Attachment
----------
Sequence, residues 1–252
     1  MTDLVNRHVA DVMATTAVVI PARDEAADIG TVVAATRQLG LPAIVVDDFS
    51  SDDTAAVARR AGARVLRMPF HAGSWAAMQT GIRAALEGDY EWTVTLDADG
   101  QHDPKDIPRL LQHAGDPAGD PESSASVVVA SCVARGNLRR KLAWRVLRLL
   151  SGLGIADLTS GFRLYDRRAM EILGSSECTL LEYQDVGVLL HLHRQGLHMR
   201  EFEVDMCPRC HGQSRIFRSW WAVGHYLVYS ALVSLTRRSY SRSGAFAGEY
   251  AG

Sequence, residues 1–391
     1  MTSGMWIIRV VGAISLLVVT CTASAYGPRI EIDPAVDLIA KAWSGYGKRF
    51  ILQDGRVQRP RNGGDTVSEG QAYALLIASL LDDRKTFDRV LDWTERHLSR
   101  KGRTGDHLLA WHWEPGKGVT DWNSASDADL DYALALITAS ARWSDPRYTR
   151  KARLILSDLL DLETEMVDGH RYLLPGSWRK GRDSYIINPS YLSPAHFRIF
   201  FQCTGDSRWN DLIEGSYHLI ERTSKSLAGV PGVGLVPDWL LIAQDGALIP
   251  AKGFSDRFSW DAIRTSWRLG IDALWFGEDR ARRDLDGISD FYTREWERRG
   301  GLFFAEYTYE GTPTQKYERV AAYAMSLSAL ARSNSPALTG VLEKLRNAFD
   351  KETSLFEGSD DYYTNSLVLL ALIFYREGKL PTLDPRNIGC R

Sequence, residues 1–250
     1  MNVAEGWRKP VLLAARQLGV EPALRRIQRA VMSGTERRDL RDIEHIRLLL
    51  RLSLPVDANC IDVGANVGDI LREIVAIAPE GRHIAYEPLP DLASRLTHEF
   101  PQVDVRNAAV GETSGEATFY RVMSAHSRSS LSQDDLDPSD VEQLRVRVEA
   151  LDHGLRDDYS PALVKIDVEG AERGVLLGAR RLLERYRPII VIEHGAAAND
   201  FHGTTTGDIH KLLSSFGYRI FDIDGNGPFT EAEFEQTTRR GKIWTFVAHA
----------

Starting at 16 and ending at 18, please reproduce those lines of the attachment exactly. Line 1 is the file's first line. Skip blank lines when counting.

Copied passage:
   351  KETSLFEGSD DYYTNSLVLL ALIFYREGKL PTLDPRNIGC R

Sequence, residues 1–250
     1  MNVAEGWRKP VLLAARQLGV EPALRRIQRA VMSGTERRDL RDIEHIRLLL